• Boeing Jumps on the Protectionist Bandwagon
Boeing asked the Commerce Department to investigate alleged subsidies to Bombardier's new CSeries of regional jet, adding to trade tensions with Canada. The CSeries received hundreds of millions in dollars in launch aid from Canadian and U.K. governments. Fortune carried two interesting contributions yesterday on the latest lumber dispute with Canada, this one by Alan Wolff, a former trade negotiator under both Republican and Democrat administrations, and this one by Granger MacDonald, head of the National Association of Home Builders. MacDonald estimates that it will add $3,600 to the cost of an average family home.
• Weak Trading Adds to Pressure on Barclays CEO Staley
The last thing Jes Staley needs just now is a badly-received set of earnings. But that's what he's got: a surprise drop in fixed-income trading revenue left Barclays well behind both U.S. and European rivals in the first quarter. The embarrassment is all the greater because the investment bank is the focus of Staley's strategy for Barclays; this quarter's earnings contained a large write-down related to the disposal of its African operations, which are being sold to fund that strategy. ISS, the U.K.'s largest proxy advisory service, is already urging shareholders to vote for Staley's removal for attempted persecution of a whistleblower last year. It may find a more receptive audience after the shares fell 4.3% in early trading.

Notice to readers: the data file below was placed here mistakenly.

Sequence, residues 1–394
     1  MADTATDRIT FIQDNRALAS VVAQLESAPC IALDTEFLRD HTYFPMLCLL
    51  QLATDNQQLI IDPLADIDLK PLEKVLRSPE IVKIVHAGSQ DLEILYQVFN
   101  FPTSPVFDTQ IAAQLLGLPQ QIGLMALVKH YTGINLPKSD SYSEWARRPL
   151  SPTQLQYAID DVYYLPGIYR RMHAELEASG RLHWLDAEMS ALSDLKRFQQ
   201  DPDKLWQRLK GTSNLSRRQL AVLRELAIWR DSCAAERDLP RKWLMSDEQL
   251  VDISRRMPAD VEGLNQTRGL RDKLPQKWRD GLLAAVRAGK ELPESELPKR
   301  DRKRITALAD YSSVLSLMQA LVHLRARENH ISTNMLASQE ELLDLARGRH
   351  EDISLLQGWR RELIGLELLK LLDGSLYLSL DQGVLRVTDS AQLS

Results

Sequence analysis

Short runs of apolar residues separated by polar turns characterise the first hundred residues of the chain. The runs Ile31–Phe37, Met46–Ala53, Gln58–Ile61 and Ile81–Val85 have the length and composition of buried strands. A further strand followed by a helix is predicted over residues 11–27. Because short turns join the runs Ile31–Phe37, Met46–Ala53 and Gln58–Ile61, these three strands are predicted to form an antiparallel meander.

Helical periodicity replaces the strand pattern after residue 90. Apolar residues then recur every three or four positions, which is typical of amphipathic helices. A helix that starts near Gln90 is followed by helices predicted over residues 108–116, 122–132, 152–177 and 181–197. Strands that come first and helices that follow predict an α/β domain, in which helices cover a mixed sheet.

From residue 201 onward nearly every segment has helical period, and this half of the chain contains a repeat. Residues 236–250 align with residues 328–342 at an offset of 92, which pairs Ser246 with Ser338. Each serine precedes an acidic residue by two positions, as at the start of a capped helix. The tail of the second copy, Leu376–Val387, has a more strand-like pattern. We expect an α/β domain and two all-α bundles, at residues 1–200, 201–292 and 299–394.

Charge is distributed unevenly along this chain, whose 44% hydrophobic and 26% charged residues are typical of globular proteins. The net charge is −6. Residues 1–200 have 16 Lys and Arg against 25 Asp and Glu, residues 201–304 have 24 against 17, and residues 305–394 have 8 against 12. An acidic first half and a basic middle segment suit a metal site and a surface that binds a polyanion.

• Cloudera's Downround IPO
Software company Cloudera raised $225 million at its initial public offering, at a valuation of $1.9 billion. That's less than half of the $4.1 billion valuation it once enjoyed in its venture capital-backed heyday. Intel, which backed the company through more than one funding round, will hold a 19.4% stake after the IPO. The valuation is a sober reminder of public markets investors' old-fashioned need to see profits. Cloudera lost $187 million in the fiscal year to Jan. 31, on $261 million in revenue. Competition has forced it to discount sharply and spend more than it wanted on marketing.
• Facebook Admits Being Manipulated
Facebook released a report effectively admitting that its network had been used in orchestrated attempts to manipulate public opinion about political issues, including the U.S. election. It blamed both governments and non-state actors. The admission is encouraging, if belated, evidence of its ability to fix itself. But the mere fact that it shut down over 30,000 fake accounts engaged in similar manipulation ahead of the French elections shows just how big a problem it has on its hands.
Summaries by Geoffrey Smith; Geoffrey.firstname.lastname@example.org @geoffreytsmith